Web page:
Little did Miraj Munshi know about the misfortune that would befall him.
With hopes for a better future, the 35-year-old migrant worker from Comilla joined a construction company in Malaysia in the first week of March.
Barely four weeks later, his world turned upside down. He broke his right leg badly in an accident at his workplace on March 30.
What came next was nothing short of a nightmare.
Taking full advantage of his status as an undocumented worker, his employer, Peck Chew Piling (M) Sdn Bhd, forced him to lie about the incident to cover up its fault, and then went back on its promise of compensating him in exchange for “cooperation”.
Miraj, the lone breadwinner of a five-member family, had applied for legalising his travel documents in January after the Malaysian government announced that it would legalise undocumented foreign workers.
But his application was still pending with the authorities. And he eventually had to return home empty-handed without proper treatment.
"My life is finished. I don't know what to do…," said Miraj, a highschool dropout, lying on a bed at a private hospital in Dhaka. There was a big fixator in his right leg that was heavily bandaged.
Like him, around two lakh undocumented Bangladeshi workers in Malaysia are left to the mercy of their employers, as they are neither entitled to legal protection nor covered by insurance.
Miraj first went to Malaysia, home to some six lakh Bangladeshi workers, in 2006 to work for an electronics company, spending around Tk 2 lakh. He worked at the company for six years renewing his visa and sent home money every month.
He came back home in April 2013 and got married.
Four months later, he again went to Malaysia, and joined a firm, Plus Office Sales Solutions Sdn Bhd, as a driver. While working for around one and a half years, his visa expired and he quit the job.
In the meantime back at home, his wife gave birth to a baby girl.
"Then the Malaysian government made an announcement that undocumented foreign workers would be legalised. I submitted documents to the authorities concerned through an agent for legalising my travel documents. I gave the agent Tk 1.50 lakh," he said.
In March this year, he joined Peck Chew Piling (M) Sdn Bhd as an assistant of a piling machine operator for 80 Ringgit a day.
"When I joined this company, I informed my boss about my status," Miraj said.
And everything went well until March 30.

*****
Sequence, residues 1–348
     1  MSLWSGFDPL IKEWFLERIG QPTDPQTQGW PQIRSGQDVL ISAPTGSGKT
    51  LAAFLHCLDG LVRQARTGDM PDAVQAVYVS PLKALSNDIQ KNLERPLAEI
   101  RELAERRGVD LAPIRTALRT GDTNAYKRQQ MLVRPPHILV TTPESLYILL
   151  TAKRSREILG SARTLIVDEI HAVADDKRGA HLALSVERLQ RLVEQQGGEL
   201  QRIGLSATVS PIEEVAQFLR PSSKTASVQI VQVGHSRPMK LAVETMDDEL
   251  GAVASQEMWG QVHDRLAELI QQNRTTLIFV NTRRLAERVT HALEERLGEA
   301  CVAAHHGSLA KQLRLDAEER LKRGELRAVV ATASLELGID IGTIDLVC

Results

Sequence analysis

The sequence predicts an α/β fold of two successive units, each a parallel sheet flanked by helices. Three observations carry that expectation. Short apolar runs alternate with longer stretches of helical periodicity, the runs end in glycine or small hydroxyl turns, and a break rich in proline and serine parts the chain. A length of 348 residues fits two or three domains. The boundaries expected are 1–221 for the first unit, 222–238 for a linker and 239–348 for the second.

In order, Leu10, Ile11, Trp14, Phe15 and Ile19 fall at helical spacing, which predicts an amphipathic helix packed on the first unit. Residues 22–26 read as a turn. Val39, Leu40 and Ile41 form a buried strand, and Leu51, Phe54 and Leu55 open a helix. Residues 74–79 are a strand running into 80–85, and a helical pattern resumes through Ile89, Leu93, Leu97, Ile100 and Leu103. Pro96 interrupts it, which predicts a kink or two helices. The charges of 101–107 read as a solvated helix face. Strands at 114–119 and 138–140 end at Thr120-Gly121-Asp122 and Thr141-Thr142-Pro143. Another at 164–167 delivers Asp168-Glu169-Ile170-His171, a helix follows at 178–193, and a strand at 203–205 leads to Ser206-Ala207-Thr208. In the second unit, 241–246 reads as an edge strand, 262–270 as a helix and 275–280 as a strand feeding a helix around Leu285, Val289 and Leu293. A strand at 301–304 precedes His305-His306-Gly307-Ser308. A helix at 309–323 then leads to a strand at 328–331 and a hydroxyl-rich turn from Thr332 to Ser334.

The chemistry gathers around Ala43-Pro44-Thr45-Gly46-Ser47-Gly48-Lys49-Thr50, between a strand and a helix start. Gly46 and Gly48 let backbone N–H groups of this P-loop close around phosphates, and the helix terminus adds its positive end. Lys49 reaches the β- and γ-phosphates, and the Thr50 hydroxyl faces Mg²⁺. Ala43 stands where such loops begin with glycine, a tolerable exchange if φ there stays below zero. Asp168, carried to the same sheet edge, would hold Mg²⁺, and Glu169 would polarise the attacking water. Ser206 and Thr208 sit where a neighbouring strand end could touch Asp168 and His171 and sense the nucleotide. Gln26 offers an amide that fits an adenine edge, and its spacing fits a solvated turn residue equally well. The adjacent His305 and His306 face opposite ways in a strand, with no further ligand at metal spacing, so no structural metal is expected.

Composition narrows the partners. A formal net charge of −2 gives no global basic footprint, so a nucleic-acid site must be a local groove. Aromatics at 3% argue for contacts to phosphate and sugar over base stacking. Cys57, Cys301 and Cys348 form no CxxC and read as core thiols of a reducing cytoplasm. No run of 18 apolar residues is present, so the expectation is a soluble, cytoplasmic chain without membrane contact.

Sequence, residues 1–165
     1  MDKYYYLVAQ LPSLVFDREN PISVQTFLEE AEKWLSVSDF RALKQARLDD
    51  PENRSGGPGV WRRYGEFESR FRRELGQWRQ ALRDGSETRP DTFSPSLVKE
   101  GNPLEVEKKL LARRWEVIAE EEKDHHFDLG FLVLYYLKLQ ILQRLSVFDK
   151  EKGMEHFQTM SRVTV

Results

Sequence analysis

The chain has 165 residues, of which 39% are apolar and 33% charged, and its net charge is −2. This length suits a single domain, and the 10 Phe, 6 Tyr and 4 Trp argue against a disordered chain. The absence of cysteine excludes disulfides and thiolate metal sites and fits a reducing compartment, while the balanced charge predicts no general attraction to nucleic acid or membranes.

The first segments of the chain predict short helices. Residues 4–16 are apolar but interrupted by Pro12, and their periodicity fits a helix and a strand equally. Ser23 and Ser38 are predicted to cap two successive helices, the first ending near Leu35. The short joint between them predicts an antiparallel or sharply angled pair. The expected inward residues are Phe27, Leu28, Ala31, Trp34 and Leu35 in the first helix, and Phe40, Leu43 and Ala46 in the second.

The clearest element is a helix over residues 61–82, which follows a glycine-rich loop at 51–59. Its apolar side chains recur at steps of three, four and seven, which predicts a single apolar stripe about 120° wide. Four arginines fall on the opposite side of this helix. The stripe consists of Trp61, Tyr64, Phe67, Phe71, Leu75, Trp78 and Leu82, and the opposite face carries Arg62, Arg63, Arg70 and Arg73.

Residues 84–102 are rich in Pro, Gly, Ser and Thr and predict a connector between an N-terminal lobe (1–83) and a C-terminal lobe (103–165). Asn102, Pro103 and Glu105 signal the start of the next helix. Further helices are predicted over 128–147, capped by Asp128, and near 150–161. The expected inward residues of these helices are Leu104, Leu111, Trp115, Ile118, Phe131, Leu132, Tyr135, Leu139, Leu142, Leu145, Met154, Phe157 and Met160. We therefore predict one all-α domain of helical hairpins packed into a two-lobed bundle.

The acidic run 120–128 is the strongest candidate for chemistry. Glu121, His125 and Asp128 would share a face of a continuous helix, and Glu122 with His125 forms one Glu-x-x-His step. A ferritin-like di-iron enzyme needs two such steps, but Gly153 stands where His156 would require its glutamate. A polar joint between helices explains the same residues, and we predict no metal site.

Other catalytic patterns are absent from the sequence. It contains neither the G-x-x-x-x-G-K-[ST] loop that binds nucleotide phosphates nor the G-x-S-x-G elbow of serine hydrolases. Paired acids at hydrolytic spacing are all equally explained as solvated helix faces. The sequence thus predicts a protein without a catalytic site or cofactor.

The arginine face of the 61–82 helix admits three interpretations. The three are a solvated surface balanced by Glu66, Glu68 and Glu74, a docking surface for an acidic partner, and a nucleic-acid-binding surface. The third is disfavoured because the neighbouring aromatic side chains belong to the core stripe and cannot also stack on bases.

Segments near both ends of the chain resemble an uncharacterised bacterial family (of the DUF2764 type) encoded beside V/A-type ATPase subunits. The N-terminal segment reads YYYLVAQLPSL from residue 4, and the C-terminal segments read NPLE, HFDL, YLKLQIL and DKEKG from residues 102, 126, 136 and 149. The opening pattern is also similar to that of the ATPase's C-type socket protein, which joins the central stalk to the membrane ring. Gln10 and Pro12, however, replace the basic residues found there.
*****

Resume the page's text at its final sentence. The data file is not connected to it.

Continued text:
On that day, he was working next to a piling machine at the company's construction site in Klang District. As a crane was putting heavy equipment on the piling machine, a part of the machine suddenly broke off and fell on the operator, a Malaysian of Chinese origin, leaving him dead on the spot.
"Suddenly, a portion of the equipment fell on my leg," said Miraj. He was then taken to a local hospital where he underwent a surgery.
His recruiter Chin Kang Mun, site coordinator of the company, warned him that he wouldn't get any compensation if he tells the truth. The recruiter forced him to give a false deposition to the police, investigators and company's parent organisation.
"My boss [Kang Mun] asked me to say that our machine was not faulty, and that there were problems in the crane that belonged to another company," said Miraj.
Kang Mun had assured him that the company would compensate him, bear all medical expenses and give him some extra money for his journey home.
"I had to obey his orders for obvious reasons," he added.
But things started changing after Miraj gave the false deposition.
Five days after Miraj's admission into a hospital in Klang District, Kang Mun asked Miraj to move to his friend's house and not to communicate with anyone.
Since then, the recruiter had been avoiding Miraj.
"Whenever I called him, he said he was busy or asked me to call him later. Then he stopped picking up my phone calls,” said Miraj.
"There was no one to take care of me when my friend was at work. I suffered intolerable pain, and the situation continued for 10 days."
Unable to bear the pain, Miraj with his friend's help went to the Bangladesh High Commission in Malaysia.
"The embassy officials gave me a travel pass and I returned home on April 15," he said.
As he was almost broke, his family sent him money for his journey home by selling a plot of land.
"Now I don't have the money to get better treatment," said Miraj, who is concerned about his family's future.
"I don't know how I will look after my elderly parents, wife and daughter," he added.
Dr Qazi Shahidul Alam, an orthopaedic doctor at the hospital where Miraj is receiving treatment, said Miraj needs to undergo operations, including a plastic surgery.
His treatment would cost around Tk 3 lakh, and it would take five to six months for him to recover from the injuries, said the physician.
Miraj would be able to return to a normal life after treatment, added Shahidul.
Early this month, Miraj's employer contacted him through a Bangladeshi migrant, and offered him a good amount of money if he puts his signature on a blank paper and sends it to the company in Malaysia, said Miraj.
The Daily Star emailed Chin Kang Mun on April 25, but he didn't reply.
According to Malaysia's Foreign Workers' Compensation Act, if a migrant worker covered by insurance dies in an accident at workplace, his family would get a maximum compensation of 23,000 Ringgit (around Tk 4.5 lakh).
For injuries at workplaces, the insurance company would decide on the compensation based on the extent of damage, Mohammad Harun Al Rashid, coordinator of rights organisation CARAM Asia told The Daily Star over the phone.
But if the worker is undocumented, he is not entitled to any compensation. Even the worker cannot do anything if the employer denies recruiting him, he said.
This reflects the vulnerability of undocumented foreign workers in Malaysia as most of them do dirty, dangerous and demeaning jobs, added Harun.